Information on Oxeye Daisy

Common Name: Oxeye Daisy
Scientific Name: Leucanthemum vulgare
Irish Name: Nóinín mór
Family Group: Asteraceae
Distribution: View Map (Courtesy of the BSBI)
Flowering Period


Click for list of all flowering by month
Oxeye Daisy is not easily confused with other wild plants on this web site.


Also known as Dog daisy and Chrysanthemum Leucanthemum, this familiar flower brightens our grass verges, meadows and many motorway embankments from May to September.  The flowers (25-50mm ) are borne on strong, erect, ridged stems (to 80cm high) and have white spreading rays (like petals) and a prominent yellow centre of disc florets.  The dark green leaves are spoon-shaped, stalked and form a rosette, the stem leaves are alternate, lanceolate and sessile.  The name Daisy comes from the Old English 'dæges ēage'  or day's eye, as the flower opened up as the sun came up.  This is a native plant and belongs to the family Asteraceae.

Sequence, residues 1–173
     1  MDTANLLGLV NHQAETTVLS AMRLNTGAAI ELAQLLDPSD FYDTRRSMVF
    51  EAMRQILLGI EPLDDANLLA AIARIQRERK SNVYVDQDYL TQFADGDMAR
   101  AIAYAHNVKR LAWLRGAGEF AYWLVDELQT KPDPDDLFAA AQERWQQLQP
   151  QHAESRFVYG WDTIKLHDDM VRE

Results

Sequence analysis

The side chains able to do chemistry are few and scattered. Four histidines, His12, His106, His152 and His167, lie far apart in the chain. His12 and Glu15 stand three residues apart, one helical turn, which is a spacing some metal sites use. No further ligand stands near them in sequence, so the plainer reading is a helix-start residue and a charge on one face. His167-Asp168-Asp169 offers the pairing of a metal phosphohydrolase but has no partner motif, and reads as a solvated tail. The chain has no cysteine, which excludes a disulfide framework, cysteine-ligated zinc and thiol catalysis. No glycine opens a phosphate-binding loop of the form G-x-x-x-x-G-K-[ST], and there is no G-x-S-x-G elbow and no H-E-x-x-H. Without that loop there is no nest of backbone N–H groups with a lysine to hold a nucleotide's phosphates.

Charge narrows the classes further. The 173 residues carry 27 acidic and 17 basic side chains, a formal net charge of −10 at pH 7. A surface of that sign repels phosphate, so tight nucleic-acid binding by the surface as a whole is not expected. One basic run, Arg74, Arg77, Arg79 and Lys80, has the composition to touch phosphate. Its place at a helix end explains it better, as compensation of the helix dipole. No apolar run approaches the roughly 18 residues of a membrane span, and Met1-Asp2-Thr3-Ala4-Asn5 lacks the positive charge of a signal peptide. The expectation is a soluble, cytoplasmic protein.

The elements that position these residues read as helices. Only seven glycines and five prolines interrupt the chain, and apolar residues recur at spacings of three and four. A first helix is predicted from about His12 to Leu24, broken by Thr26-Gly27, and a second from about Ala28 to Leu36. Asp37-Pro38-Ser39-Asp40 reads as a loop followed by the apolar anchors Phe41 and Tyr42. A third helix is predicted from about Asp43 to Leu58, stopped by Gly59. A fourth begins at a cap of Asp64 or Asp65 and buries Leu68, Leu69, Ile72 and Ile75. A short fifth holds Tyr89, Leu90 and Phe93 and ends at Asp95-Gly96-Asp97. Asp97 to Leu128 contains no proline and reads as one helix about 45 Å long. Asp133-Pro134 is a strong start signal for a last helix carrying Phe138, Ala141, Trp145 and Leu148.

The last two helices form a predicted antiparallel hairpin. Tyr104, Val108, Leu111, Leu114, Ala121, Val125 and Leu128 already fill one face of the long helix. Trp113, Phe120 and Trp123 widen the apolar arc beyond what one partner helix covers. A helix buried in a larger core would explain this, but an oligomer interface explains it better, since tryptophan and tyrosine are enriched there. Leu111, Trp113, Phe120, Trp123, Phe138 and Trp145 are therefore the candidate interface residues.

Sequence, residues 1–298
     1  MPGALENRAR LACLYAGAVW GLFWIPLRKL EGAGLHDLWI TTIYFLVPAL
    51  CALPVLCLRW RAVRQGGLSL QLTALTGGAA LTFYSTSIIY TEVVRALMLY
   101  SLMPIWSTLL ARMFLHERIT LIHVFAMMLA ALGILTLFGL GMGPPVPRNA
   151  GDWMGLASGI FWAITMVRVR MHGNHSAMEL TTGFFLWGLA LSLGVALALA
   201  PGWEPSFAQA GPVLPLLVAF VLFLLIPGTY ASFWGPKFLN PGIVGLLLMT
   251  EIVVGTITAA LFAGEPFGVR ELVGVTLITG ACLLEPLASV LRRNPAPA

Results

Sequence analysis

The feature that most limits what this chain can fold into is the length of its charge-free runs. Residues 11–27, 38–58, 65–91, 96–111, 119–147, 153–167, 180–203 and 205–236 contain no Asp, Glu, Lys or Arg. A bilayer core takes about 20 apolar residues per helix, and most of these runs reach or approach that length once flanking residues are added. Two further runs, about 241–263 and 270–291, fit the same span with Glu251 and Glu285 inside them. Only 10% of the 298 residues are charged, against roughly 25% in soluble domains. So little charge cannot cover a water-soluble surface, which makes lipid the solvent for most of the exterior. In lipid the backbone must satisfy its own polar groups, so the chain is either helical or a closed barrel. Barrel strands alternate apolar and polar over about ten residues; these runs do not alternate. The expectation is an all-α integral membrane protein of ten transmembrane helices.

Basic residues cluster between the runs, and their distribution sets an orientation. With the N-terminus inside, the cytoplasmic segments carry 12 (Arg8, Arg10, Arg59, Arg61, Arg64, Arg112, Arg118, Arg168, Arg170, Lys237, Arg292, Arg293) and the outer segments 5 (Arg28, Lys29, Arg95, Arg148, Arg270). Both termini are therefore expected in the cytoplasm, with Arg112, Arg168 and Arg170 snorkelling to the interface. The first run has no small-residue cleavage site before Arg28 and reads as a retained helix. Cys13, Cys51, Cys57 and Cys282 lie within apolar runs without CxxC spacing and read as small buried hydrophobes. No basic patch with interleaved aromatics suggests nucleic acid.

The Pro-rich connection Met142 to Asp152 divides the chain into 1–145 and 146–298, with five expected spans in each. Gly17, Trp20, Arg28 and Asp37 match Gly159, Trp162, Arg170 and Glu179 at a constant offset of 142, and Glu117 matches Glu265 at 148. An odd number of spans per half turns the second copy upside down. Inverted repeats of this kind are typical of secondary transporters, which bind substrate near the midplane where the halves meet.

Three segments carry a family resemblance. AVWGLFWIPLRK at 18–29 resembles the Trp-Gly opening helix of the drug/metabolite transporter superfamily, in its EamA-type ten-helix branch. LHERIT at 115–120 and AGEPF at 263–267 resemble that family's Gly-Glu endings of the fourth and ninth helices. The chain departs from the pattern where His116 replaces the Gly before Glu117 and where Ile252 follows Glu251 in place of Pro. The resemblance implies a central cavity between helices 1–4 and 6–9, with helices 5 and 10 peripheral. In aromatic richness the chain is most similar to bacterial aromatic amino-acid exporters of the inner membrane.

I first identified this plant in 1978 in Killiney, Co Dublin and photographed it in Ballymitty, Co Wexford 

If you are satisfied you have correctly identified this plant, please submit your sighting to the National Biodiversity Data Centre

Daisy, Oxeye
Daisy, Oxeye

A 'cure for sore eyes – pluck some (daisy) flowers, boil them in water then wash the eyes with that water every morning before breakfast'.

From the National Folklore Collection, University College Dublin.  NFC 782:352 From Fermanagh and Cavan.

Young girls used to pick daisies and pull off the petals until they were all gone saying 'He loves me, he loves me not'to find out whether her male friend was true.  

In youth from rock to rock I went,
From hill to hill in discontent
Of pleasure high and turbulent,
Most pleased when most uneasy;
But now my own delights I make,--
My thirst at every rill can slake,
And gladly Nature's love partake,
Of Thee, sweet Daisy!

William Wordsworth  1770-1850